Health & Fitness

Doc Talk: Consult physician for contraceptive advice

Planning pregnancy is much easier and less costly than ever before. Contraceptive methods have improved considerably in recent years, offering more and safer options. Old ideas and rumors still persist about contraception, so it's important to get accurate and up-to-date information before selecting a birth-control method.

When it comes to learning about which type of contraceptive is best, a woman's best source is her physician. While many types of contraceptives carry risks, they also can provide benefits in addition to pregnancy prevention.

First and foremost, remember that contraceptives do not protect against sexually transmitted diseases (STDs), with the possible exception of the condom. Latex condoms, used correctly, may protect against STDs. Condoms made of animal membrane, as well as non-latex condoms, do not protect against STDs. The only 100 percent guarantee against STDs and pregnancy is abstinence.

Aside from the condom, "The Pill" is perhaps the best known form of contraception. Since birth control pills were first developed in the 1950s, they have undergone significant changes. There are two types of pills. One is a combination of the hormones estrogen and progestin. The other type contains only progestin.

These hormones work by preventing the formation of eggs or changing the lining of the uterus so that an egg cannot implant and grow. They are generally considered safe and effective.

Hormones can be delivered through other routes, as well. The Depo-Provera shot contains only progestin and is effective for three months. The Mirena intrauterine device is a progestin-containing hormonal product that is inserted into the uterus and is effective for five years or until it is removed by a physician. Implanon is a small rod, about 1 1/2 inches long, that is inserted under the skin of the upper arm. It also contains progestin and is effective for three years. Mirena and Implanon are inserted at the physician's office.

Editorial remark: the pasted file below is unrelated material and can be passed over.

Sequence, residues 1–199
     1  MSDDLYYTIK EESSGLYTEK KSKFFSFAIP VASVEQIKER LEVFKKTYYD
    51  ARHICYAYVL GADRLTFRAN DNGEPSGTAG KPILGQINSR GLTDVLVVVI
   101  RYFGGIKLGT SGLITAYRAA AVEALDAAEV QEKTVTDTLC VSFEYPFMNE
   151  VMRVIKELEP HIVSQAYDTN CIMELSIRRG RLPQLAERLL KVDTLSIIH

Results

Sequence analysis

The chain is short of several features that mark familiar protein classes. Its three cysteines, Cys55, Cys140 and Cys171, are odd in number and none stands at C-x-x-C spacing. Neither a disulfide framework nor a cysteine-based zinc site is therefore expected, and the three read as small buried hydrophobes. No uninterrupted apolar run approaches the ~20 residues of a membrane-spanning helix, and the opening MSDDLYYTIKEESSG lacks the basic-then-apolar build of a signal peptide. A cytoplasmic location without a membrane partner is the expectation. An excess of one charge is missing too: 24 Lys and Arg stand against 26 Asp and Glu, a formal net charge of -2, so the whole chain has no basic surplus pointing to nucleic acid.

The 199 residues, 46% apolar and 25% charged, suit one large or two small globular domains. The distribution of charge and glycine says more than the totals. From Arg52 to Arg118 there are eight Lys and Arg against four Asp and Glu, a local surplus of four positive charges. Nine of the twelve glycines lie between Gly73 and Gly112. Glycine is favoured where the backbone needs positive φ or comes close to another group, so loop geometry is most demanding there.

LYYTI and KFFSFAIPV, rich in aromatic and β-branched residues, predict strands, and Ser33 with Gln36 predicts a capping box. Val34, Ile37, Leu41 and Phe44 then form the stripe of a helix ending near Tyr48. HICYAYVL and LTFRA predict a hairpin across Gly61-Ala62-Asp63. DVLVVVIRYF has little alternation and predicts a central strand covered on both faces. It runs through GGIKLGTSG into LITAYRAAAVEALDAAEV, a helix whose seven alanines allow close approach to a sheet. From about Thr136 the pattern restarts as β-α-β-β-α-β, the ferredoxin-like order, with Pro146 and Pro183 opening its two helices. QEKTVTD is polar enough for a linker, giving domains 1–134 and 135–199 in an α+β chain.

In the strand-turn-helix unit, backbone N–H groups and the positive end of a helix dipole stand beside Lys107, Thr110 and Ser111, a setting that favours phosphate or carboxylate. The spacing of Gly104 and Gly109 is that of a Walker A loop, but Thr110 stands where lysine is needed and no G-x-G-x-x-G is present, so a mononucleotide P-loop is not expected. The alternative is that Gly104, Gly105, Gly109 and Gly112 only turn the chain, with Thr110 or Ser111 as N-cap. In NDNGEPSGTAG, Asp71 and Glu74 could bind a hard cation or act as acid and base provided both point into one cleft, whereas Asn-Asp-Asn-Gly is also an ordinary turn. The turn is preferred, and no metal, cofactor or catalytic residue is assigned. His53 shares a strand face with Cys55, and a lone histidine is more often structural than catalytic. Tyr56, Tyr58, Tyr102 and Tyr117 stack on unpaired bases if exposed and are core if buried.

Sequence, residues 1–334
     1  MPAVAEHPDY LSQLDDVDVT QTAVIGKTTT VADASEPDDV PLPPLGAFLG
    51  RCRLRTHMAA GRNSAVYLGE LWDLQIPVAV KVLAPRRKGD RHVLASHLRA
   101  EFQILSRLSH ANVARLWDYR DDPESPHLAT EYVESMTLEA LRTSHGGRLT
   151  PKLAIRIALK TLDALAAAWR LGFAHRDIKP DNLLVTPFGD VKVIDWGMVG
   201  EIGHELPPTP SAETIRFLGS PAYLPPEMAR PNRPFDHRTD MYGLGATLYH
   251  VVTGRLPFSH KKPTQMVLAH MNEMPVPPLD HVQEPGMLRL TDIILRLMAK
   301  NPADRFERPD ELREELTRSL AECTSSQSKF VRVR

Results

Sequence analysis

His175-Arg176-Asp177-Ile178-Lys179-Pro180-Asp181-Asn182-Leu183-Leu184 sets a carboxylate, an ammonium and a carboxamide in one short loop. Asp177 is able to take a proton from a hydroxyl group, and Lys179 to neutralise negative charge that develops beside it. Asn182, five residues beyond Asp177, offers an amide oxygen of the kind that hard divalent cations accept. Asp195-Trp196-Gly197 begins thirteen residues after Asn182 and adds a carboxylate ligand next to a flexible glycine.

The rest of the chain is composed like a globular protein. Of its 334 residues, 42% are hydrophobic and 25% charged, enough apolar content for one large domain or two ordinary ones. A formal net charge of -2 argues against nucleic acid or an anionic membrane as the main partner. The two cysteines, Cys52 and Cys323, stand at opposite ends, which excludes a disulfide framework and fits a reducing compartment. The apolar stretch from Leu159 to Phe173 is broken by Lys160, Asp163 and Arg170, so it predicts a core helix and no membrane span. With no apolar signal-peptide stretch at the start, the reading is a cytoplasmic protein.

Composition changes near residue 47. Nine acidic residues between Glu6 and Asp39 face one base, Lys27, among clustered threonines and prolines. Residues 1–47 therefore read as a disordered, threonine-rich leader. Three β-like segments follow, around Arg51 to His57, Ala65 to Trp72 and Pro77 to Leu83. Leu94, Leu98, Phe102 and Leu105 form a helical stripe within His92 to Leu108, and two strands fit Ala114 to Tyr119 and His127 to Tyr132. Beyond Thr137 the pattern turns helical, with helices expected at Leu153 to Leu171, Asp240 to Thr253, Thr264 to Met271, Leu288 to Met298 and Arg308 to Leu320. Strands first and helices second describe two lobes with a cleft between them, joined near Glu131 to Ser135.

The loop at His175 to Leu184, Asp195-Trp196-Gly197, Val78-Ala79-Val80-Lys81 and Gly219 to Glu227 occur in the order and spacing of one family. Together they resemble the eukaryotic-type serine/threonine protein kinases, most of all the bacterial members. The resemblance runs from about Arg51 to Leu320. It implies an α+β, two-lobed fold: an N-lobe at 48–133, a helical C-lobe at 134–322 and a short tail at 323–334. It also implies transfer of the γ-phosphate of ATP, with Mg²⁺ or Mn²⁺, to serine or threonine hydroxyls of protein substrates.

Contraceptive hormones also can be delivered through skin patches or vaginal rings. These are easily placed and removed at home and provide similar effects as the oral contraceptive pill but require less frequent administration.

There are other benefits other than contraception that these products can provide.

Hormone-based contraceptives can decrease the amount, length, and frequency of menstrual periods and are often prescribed for women who have heavy or painful periods. Some pills can eliminate periods altogether.

In the past, physicians thought eliminating periods was not healthy, but recent studies show there is no problem with eliminating periods.

Hormones, however, can carry risks, especially for women who have high blood pressure, a history of blood clots, stroke or heart attack, women who smoke and those over age 35. Uncomfortable side effects can include, but are not limited to, headaches and mood changes.

For women who want or need to avoid hormonal contraception, there is an alternative to condoms and other barrier contraceptives. The Paragard copper intrauterine device is a nonhormonal intrauterine device that contains copper. This type of IUD does not affect ovulation or the menstrual cycle.

Copper IUDs are thought to work by preventing the sperm from reaching the egg. In addition, if an egg should become fertilized, implantation on the wall of the uterus is prevented because copper affects the lining of the uterus. It is believed that these effects are enhanced by a small but continuous release of copper into the uterus. This type of IUD can be effective for up to 10 years and has a low risk of side effects.

IUDs gained a bad reputation for a short period of time because of an increased risk of infection. Today's IUDs are made very differently and are much safer. They are an effective alternative for many women who want to minimize the systemic effects of hormones and cannot or prefer not to use hormone-based contraceptives.

Other types of contraceptives include the diaphragm and its newer cousin, the cervical cap. Both fit over the cervix and block the sperm from entering the uterus. Both must be used with a spermicide, which is a tablet, foam, cream, jelly or film that kills sperm. These must be fitted for each individual.

Every woman is unique and has different preferences when it comes to birth control. With so many options available, it is likely that she and her doctor can find a method she is comfortable with.